We stopped for breakfast at a little café called Kuriosaboden, on the way off the island. I’ve never had an open sandwich and cake for breakfast before but it made a very nice change from a bowl of fruit and yoghurt.
As we drove to the bridge to leave Öland I was surprised to see how different the South of the island was from the North.
We saw different crops in the fields and some of the fields were separated by stone walls, something we haven’t seen in Southern Sweden until now.
One thing that was still the same, I’m pleased to say, was the abundance of wild flowers growing everywhere.
I also love seeing the fancy churches that even the smallest hamlets seem to have.
We drove over to the mainland across the bridge.
We needed to go into Kalmar on a quest to find a motorhome dealer who could repair our fridge which smelled of fumes. Darren went into two dealers, thank goodness they both spoke English. Both were busy but one of them phoned an employee who had set up on his own, Anders & Slap Husvagnsservice, and arranged for us to go over there.
The man was very helpful, he didn’t speak English so he went to the garage next door and one of the mechanics came out and translated for us.
The ‘translator’ told us that the mechanic would have to order a part for the fridge and it wouldn’t arrive until Monday (it was currently Thursday). We needed to get it fixed so the part was ordered and Darren decided we’d take the opportunity to go inland to explore that area as for some reason we’d decided that Kalmar wouldn’t be a very nice place to stay in.
We looked on the map for somewhere around two hours away, we chose a ställplats in Ekna in Rottne because it sounded like it might be pretty.
When we arrived in the area we followed the signs to the ställplats but went wrong somewhere and ended up driving down a teeny track into some woods. By the time we’d realised we’d gone wrong we had to continue forward in order to find somewhere to turn around, which was a little hairy. Nevertheless Darren kept his cool, found a larger area where the farmer must turn his tractor round and we drove back to the lane we’d left.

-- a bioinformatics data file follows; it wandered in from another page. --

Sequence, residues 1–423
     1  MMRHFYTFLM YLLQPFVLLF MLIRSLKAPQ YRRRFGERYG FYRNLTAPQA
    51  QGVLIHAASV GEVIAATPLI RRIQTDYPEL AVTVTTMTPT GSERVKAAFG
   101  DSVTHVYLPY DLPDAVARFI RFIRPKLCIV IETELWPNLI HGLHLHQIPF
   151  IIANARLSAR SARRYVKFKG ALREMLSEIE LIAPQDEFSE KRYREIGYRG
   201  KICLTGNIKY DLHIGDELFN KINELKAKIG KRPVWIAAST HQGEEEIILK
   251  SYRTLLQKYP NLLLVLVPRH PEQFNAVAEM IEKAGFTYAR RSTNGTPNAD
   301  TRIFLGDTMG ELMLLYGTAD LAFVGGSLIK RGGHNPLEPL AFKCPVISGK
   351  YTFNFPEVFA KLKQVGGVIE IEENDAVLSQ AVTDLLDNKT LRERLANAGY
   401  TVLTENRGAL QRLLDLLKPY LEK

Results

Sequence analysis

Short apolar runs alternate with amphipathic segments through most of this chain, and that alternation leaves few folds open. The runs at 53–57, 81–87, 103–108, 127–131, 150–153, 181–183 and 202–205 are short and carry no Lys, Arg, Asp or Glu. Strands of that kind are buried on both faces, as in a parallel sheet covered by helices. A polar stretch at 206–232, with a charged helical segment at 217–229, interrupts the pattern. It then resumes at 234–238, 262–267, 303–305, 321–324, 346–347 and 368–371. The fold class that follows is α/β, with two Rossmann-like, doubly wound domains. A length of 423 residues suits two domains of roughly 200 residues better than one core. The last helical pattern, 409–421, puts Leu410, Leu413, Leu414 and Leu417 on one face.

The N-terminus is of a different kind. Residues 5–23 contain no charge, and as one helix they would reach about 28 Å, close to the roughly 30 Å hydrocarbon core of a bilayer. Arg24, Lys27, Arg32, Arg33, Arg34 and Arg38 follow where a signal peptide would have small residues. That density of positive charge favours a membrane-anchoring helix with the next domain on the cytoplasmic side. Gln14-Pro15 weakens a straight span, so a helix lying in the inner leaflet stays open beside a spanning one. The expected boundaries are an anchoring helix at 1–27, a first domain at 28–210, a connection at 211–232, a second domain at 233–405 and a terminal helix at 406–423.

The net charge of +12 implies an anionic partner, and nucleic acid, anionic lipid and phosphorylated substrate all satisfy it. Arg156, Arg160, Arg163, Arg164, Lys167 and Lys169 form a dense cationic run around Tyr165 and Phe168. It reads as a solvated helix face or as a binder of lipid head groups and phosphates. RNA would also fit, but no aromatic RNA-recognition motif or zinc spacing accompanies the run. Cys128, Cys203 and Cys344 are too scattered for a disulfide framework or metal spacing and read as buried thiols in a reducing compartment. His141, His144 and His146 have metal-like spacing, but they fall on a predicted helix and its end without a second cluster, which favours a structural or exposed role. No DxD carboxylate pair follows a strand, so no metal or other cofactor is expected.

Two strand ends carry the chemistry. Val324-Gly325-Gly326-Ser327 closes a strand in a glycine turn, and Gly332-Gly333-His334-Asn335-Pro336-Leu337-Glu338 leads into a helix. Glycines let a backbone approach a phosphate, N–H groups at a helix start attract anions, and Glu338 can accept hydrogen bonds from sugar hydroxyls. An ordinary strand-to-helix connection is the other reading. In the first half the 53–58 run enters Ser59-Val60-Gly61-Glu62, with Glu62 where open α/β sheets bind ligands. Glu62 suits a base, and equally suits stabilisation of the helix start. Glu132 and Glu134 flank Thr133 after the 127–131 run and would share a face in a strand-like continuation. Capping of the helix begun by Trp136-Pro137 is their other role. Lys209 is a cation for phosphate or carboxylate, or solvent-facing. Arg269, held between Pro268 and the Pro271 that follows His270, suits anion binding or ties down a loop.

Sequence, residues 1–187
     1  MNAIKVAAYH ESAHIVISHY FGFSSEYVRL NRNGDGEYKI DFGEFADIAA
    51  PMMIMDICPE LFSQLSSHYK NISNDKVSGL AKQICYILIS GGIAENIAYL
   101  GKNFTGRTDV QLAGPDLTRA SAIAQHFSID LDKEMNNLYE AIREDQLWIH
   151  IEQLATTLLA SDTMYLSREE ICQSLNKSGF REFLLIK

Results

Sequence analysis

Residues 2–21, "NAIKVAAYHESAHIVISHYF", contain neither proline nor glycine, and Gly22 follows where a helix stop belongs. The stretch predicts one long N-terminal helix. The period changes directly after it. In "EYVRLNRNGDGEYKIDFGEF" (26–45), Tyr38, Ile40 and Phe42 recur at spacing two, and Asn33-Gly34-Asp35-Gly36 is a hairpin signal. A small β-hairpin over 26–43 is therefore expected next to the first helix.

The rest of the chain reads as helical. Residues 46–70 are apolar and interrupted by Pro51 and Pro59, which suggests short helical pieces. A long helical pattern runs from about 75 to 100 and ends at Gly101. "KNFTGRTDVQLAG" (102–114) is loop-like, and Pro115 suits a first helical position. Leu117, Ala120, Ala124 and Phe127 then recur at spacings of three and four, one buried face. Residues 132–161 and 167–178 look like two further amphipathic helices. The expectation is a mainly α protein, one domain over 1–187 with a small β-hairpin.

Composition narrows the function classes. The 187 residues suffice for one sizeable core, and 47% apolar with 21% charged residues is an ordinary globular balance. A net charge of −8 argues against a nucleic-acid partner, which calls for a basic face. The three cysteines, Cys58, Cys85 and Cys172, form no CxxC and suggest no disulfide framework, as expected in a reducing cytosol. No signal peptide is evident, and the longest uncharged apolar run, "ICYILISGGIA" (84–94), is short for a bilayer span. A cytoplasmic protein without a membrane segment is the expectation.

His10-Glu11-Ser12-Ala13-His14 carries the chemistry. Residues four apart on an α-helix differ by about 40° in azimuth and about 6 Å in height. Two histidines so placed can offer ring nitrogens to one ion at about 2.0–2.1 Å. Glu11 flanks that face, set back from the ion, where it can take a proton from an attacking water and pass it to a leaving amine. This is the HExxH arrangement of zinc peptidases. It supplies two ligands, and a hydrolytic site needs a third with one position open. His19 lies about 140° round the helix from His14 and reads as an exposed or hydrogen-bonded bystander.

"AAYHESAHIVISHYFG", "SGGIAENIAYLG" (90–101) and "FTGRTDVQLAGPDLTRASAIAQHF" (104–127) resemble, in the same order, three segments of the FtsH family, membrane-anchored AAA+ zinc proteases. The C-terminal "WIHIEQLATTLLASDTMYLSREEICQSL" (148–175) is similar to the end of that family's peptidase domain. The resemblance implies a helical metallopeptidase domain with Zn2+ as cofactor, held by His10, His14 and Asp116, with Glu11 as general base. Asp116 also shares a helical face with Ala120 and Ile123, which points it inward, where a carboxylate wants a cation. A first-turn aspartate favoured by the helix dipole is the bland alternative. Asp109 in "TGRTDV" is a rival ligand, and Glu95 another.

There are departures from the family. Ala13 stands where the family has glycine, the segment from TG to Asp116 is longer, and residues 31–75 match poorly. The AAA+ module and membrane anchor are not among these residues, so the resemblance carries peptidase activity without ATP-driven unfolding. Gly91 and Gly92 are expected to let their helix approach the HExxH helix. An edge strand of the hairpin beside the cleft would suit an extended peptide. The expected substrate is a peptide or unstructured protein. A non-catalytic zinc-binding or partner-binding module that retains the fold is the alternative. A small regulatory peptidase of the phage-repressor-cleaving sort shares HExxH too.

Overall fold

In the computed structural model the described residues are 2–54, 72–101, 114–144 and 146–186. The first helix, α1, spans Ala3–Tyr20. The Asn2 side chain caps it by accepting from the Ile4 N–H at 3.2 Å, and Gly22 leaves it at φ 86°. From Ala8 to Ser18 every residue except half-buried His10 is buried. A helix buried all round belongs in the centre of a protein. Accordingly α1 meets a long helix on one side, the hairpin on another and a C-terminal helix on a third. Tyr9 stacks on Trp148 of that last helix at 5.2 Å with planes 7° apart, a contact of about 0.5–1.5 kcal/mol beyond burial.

We drove into Ekna.
The ställplats was on a farm, there was a field with electric hook up for two vans or there were pitches down by the lake.
The farmer gave us both a hearty handshake. He was very happy to see us, he said we were the first British people to come to his ställplats in the 20 years it had been open.
I am so surprised, he’d gone to a lot of trouble to make private pitches, he’d even put signs at the top of the lanes down to the pitches that were to be turned around when you’d chosen your pitch so that no one else drove down to it or took it if you went out for the day. Pure genius!
We chose a pitch 500 metres down a little track to the lake.
The farmer had even made a turning circle down there and put a fire pit beside the pitch with fire wood in it and a couple of chairs to sit and look out at the lake.
It was so thoughtfully set out and he popped down on his moped to see if we were settled.
We went exploring as the sun was starting to set and found a little bay further up our track where we watched the sun going down over the water.
Click the link below for motorhome repairs Anders & Slap Husvagnsservice:
Click the link below for motorhome stopover Ekna Naturcamping: